One-Tank Trip for Sept. 16/17
(c) By Jim Fox
The hills are about to come alive with a kaleidoscope of autumn colors and they’re going to be spectacular.
While many people lament a summer that wasn’t exactly to their liking, the fall foliage show will be “glorious,” says Dave Phillips, Environment Canada’s senior climatologist.
“I think it’s going to be the most spectacular, colour-change season in history,” he added, noting the trees have enjoyed the wet and not-so-hot summer.
In anticipation of the season, Ontario Parks and Ontario Tourism have launched their fall colour reports, predicting great things to come soon.
|The hills are about to turn vibrant at Bass Lake Provincial Park near Orillia. (Jim Fox photo)|
“Ontario is the premier destination for those wishing to see summer’s lush greenery transformed into a mosaic of magnificent rich shades of red, orange and yellow,” says Kevin Forget of the Ontario Travel Information Centre in Barrie.
The first of the weekly “Fall Colour Progression Reports,” running online until mid-October, is designed to “enrich” your day-tripping experiences.
“Discover great scenic lookouts, fall driving and hiking tours, special fall packages, community events, studio tours and more,” Forget says.
As far as the colours so far, things are just starting to change.
To view the report or for more information, go to ontariotravel.net or call 1-800-ONTARIO (1-800-668-2746).
As Ontario Parks rolls out its first leaf-peeping report this year, it notes that Algonquin Park in Muskoka is “often seen as the fall colours flagship.”
Vibrant fall colours will soon be showing off this season in Algonquin Provincial Park. (Barbara Fox photo)
It also advises – or warns – there can be a traffic backlog several kilometres long on busy fall weekends, especially at the West Gate near Huntsville.
The report issued this week notes there has been a 20-per-cent colour change there.
“Sugar maple fall colour is strengthening with each passing day and is currently showing a greenish-yellow colour,” it says.
Typically, late September to early October offer the best maple viewing, while early to mid-October offer the best poplar (aspen) colour.
The reports, available at ontarioparks.com/fallcolour, show the latest changes in up to 60 provincial parks across Ontario.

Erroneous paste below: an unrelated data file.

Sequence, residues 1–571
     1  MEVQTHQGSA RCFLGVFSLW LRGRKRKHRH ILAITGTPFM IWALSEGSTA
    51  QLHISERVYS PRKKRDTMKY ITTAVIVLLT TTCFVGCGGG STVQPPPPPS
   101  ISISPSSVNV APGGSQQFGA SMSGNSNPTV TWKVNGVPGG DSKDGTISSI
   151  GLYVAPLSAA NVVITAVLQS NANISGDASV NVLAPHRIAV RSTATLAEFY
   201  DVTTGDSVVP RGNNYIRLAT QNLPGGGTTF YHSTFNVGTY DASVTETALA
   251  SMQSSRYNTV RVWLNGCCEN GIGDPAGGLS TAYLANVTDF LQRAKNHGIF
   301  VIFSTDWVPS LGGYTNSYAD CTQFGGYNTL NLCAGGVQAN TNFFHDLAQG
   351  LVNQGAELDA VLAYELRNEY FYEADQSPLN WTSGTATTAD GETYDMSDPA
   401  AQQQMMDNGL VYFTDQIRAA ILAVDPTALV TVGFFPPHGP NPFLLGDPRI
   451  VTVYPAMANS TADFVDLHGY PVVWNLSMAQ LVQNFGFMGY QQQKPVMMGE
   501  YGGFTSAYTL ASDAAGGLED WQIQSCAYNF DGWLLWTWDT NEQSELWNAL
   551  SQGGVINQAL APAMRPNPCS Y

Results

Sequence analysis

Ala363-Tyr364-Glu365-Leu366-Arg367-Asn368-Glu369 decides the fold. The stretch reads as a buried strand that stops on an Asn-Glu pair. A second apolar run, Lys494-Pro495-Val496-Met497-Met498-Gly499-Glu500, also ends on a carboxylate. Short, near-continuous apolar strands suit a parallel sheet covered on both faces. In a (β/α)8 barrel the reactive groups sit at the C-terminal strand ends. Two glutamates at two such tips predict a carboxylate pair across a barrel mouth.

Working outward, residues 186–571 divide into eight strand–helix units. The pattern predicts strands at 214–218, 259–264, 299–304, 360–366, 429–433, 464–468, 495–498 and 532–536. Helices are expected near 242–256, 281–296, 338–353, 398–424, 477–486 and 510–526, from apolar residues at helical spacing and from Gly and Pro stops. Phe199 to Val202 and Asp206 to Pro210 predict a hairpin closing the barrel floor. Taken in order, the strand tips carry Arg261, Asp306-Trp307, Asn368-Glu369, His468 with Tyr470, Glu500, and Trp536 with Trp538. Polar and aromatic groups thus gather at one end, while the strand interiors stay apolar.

There’s a map and peak-viewing chart, with staff updating their park conditions weekly.
It says the summer weather will lead to “brilliant reds and golds,” with now through late-October the prime-time viewing time “when campsites are plentiful and camp cabins and yurts are easier to book.”
Yours to discover
Why not discover some not-as-congested parks as there are numerous ones near Algonquin.
These include Arrowhead, Bonnechere, Lake St. Peter, Mikisew, Oxtongue River-Ragged Falls and Samuel de Champlain provincial parks.
Algonquin Provincial Park showing off its autumn colours. (Barbara Fox photo)
Other options that are “every bit as vibrant in the autumn” are Chutes, Driftwood, French River and Restoule provincial parks and Kawartha Highlands Signature Site Park.
Closer to home, among the parks reporting a 10-per-cent colour change include Bronte Creek in Oakville.
Take the linear Ravine Trail for viewing the best fall colours and scenery, with great views of the creek below.
MacGregor Point, south of Port Elgin, has a similar report while things are about to change at Pinery Provincial Park on Lake Huron near Grand Bend.
Bike or hike Pinery’s 14-kilometre Savanna Trail and view the forests on its 10 hiking trails.
Sauble Falls Provincial Park in Wiarton is also showing 10 per cent, with best viewing in the campground, on the trail and at the falls.
Farther afield, parks officials suggest driving the Lake Superior Coastal Route that follows the “majestic north shore” between Sault Ste. Marie and Thunder Bay for spectacular colours.
Jim Fox can be reached at email@example.com
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